Facts Regarding the Plaintiff’s Employment

Allegedly, the plaintiff worked for the defendant company as a billing assistant. When the plaintiff was hired, she received a pay notice that listed her hourly rate. The area of the notice that listed the overtime rate was blank, however. The defendant employer calculated each employee’s weekly hours via records created by a timekeeping machine. The plaintiff was involved in a dispute with her supervisor and was ultimately fired. She subsequently filed a lawsuit against the defendant asserting numerous claims, including the allegations that the defendant did not pay her overtime wages. The defendant filed a motion for summary judgment with regards to the plaintiff’s wage and overtime claim.

Proving Wage and Hour Violations

Under the Fair Labor Standards Act (FLSA), employees are entitled to at least one and a half times their regular wage for hours worked over forty hours per week. Further, New York incorporates the FLSA’s standards into its overtime compensation scheme. Thus, in many cases, the courts will analyze allegations regarding unpaid overtime in violation of the FLSA and New York law jointly.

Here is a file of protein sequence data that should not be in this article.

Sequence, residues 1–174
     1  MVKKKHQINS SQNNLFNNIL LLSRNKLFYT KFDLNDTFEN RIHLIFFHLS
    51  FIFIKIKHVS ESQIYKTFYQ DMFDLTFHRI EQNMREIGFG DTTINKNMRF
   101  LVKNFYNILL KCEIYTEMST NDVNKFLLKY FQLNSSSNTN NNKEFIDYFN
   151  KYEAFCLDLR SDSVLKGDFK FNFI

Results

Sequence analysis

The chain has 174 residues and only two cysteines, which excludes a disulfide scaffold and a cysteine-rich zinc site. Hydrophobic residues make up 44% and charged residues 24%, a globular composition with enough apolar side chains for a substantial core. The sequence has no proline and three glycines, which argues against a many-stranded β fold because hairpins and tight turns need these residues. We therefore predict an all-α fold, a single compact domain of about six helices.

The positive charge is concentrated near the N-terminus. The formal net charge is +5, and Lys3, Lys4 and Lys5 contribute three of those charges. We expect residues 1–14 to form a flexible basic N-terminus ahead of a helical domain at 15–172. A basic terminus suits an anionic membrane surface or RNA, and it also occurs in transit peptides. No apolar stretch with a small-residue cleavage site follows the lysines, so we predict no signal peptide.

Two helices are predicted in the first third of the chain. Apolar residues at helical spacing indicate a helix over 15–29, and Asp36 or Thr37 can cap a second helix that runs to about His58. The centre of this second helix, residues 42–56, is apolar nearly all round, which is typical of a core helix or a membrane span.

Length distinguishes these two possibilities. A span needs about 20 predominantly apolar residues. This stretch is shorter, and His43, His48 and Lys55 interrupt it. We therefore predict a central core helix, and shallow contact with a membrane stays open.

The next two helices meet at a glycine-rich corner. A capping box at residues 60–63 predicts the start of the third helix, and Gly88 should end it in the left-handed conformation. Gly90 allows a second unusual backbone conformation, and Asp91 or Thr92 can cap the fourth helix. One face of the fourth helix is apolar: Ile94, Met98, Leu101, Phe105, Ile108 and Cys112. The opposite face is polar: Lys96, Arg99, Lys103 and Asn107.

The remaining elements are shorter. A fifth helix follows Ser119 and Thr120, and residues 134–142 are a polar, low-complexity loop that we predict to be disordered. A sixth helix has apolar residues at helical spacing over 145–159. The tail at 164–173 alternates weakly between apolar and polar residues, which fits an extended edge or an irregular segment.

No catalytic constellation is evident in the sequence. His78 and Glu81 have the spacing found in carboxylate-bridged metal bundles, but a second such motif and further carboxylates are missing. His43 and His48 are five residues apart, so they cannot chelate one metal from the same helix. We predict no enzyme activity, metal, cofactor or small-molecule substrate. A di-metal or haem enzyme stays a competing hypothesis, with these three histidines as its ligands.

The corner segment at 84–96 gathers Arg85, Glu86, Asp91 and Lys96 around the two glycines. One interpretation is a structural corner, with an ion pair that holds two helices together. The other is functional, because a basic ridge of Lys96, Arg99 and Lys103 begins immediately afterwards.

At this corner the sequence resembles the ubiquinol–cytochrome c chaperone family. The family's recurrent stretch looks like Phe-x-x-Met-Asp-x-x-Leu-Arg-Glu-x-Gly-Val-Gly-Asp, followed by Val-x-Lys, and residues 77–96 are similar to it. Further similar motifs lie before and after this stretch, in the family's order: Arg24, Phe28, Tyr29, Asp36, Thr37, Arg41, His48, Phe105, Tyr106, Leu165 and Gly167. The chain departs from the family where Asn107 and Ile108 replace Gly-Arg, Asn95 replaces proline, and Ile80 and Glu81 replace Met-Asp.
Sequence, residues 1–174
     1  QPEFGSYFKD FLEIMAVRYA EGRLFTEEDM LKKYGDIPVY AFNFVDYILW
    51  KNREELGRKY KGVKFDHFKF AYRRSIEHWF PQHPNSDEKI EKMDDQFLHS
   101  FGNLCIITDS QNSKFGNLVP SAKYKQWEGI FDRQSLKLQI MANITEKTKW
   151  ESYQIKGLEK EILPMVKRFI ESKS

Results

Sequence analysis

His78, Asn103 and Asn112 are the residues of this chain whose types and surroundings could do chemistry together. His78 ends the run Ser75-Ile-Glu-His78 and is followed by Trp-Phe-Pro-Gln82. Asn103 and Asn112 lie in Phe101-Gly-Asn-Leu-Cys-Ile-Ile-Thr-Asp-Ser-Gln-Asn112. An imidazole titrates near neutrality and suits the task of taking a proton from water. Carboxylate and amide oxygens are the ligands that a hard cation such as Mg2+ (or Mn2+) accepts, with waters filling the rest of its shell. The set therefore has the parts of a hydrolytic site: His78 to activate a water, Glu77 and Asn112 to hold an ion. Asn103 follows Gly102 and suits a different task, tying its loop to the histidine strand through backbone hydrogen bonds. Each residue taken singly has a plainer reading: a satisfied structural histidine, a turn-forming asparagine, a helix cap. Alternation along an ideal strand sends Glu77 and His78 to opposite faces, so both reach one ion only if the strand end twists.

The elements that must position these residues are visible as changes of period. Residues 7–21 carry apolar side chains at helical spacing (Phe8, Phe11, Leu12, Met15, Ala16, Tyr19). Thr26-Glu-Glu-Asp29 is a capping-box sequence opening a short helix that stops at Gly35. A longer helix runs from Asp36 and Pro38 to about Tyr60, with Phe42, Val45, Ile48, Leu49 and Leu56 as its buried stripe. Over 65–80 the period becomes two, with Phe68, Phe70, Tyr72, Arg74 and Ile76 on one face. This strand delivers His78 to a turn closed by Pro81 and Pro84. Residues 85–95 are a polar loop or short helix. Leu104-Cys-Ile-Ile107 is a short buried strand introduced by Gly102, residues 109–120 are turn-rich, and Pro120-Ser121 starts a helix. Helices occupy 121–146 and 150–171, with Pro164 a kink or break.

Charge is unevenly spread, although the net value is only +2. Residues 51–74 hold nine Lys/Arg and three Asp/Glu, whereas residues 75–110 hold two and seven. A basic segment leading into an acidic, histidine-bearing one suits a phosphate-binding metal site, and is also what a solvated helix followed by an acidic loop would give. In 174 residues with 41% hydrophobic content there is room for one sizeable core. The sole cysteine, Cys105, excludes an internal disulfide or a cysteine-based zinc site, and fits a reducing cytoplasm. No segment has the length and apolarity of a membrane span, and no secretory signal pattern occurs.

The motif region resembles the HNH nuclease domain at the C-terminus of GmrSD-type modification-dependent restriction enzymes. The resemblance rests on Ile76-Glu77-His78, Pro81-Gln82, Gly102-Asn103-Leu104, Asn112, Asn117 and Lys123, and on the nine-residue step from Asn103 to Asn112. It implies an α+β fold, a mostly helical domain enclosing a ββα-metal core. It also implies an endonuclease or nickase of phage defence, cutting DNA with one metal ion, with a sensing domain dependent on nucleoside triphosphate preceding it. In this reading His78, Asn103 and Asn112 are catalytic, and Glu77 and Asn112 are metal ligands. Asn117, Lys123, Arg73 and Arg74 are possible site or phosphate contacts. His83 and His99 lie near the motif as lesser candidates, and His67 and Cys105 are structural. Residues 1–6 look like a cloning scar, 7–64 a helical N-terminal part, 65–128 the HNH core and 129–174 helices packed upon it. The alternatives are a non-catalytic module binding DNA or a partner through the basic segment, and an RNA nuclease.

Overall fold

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It is an unfortunate fact that many people are subject to discriminatory comments in the workplace due to their race or national origin. While discrimination based on a protected class, such as race or national origin, is unlawful, discriminatory comments in and of themselves may not be actionable, if they are not made by a person with authority to impact the victim’s employment. This was discussed in a recent case ruled on by the United States District Court for the Southern District of New York, in which the plaintiff alleged he was subject to employment discrimination based on his race. If you are subjected to discriminatory comments or actions in the workplace, it is sensible to meet with a skillful New York race discrimination attorney to discuss whether you may be able to pursue claims against your employer.